The trade weighted index shows that it is responding to oil shortages, not dollar rates. The dollar value rose as oil flows became stabilized. The over correction in oil prices in 2009 was likely caused by oil tankers being unable to turn on a dime. The net effect of Fed mal-adjustments was small, being easily corrected by the market within months.

When unemployment rises the economy seeks lower velocity

That process is contractionary. The contraction was well under way before all the nuances of Fed policy were being debated in late 2008. By June of 2008,  unemployment in California had jumped two points.

When labor gets laid off, labor conserves liquidity, it reduces short term debt and reduces velocity. Oil prices are still rising. There is nothing in Scott Sumners economic journals that can change the facts.

The stock market sees lower sales which is lower earnings and drops in stock values.   What should the Fed do?
If the economy wants to reduce velocity, then lower rates helps it do just that. If Scott wants to stop the process, then holding rates at 2% in Sept of 2008 seemed to slow the contraction, but layoffs continued.

If the economy wants lower velocity, the Fed can lead the way down, with a rate cut. If the economy wants higher velocity the Fed can lead the way up with a rate hike.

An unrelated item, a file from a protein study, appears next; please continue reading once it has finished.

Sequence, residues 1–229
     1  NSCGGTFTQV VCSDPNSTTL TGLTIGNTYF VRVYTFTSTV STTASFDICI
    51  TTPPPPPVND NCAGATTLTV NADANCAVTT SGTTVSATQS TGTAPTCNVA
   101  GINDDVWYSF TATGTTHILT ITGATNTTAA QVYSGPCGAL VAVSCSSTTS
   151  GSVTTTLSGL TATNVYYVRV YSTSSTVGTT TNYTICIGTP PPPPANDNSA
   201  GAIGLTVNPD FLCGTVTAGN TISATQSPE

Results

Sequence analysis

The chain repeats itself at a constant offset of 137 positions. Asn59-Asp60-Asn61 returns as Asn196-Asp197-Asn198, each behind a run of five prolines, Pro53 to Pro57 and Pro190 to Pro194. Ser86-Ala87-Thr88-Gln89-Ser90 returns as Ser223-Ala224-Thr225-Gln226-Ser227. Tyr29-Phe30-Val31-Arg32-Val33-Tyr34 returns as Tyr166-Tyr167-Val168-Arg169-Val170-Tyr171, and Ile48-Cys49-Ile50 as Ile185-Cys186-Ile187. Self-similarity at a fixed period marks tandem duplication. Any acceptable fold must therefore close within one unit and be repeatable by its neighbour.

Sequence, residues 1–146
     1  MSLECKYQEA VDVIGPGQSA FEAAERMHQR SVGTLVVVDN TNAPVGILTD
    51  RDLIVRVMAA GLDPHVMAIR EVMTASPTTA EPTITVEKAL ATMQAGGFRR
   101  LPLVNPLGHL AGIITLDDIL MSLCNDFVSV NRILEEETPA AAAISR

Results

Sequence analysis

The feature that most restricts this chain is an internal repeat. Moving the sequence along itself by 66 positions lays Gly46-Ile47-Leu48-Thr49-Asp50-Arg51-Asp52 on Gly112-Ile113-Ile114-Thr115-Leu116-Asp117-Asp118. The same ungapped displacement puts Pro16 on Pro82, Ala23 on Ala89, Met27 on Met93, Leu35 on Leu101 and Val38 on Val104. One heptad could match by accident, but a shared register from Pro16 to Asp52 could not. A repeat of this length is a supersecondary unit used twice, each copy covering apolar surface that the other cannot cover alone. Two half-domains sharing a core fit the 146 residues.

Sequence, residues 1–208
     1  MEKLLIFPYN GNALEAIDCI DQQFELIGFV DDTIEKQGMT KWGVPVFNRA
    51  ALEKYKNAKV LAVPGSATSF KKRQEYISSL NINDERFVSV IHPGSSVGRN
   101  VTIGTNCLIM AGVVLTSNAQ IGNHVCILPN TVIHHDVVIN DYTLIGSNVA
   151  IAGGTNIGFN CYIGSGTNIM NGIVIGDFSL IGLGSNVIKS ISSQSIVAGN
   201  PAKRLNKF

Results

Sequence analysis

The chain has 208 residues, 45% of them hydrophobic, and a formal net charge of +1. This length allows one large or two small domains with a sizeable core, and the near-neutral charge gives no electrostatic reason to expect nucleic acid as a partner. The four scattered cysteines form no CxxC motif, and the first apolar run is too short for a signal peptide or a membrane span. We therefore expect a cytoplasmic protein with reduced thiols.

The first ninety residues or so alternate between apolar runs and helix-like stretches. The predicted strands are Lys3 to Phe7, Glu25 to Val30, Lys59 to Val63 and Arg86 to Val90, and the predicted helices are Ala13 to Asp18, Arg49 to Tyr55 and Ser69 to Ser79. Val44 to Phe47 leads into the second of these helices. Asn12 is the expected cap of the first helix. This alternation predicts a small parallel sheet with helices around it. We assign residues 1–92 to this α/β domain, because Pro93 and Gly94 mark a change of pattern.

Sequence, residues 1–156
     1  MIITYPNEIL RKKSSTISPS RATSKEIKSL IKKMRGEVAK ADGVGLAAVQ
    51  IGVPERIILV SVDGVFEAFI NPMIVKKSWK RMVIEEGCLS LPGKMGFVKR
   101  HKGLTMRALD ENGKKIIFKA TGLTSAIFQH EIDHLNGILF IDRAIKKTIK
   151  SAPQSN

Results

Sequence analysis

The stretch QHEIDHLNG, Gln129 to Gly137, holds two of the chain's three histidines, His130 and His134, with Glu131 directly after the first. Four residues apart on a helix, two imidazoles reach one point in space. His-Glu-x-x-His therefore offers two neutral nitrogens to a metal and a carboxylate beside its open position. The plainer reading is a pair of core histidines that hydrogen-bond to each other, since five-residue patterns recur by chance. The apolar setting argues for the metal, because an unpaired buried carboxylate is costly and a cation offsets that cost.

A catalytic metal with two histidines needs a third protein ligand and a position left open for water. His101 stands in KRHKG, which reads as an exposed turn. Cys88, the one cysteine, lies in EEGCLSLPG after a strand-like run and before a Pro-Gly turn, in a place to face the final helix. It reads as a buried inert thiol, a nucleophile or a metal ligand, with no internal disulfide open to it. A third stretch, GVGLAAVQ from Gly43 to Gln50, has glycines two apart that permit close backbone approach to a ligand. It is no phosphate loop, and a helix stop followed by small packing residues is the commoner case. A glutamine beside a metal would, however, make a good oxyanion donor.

WIlliamson is correct.

Wednesday, February 26, 2014

Rain in California!

And it looks like three more days of it. Hurrah.

Another "Blame the Fed" article in the Atlantic

This chart would be me eye balling a linear best fit of real growth since 1980. The numbers on the X axis are the number of quarters, and the Y axis is percent change in real gdp from the previous year. Recessions are  planned and executed by the political parties to match the presidential cycle. We call this the Secstags, an expected reduction in real growth.

So, what did the Fed do that was so horrible this time around that it hasn't done in any of the previous recessions? I mean, it was Clinton's eight years which broke the rule of slower growth, but otherwise this is what we would expect from an increasingly undemocratic and skewed government channel.

I did not read the Matthew O'Brien article about the minutiae of Fed decisions during the 2007 to 2009 period. Why bother. Was the Fed supposed to do something about the last 30 years of crazed government politicians?

If Matthew O'Brien thinks central banking is nuts, then say so; I happen to agree that we are no longer a sound monetary zone.

Treasuries held by the fed, all maturities

We need to look in  more detail into the effect of Fed holdings on the ten year yield.  The glib answer, a shortage of liquid reserve instruments, can use a more detailed look.

Here I have the actual mix of holdings, and the total (red) matched against the ten year yield.  But the general rule still holds, whatever mix of securities held by the Fed, the ten year yield jumps as the rate of purchases increase.

Remember, in the reserve model of the economy, a five year reserve is held against the need of a firm to buy a five year machine at a random opportune moment. The firm sees the need for an additional machine, it can go to the bank and show that it has been holding 15% of the purchase price against a loan for the purchase. These liquidity reserves are fixed, and well managed by the firm. The most common depreciation schedule is likely the ten year, that is why I watch it and it seems to be the knee of the curve.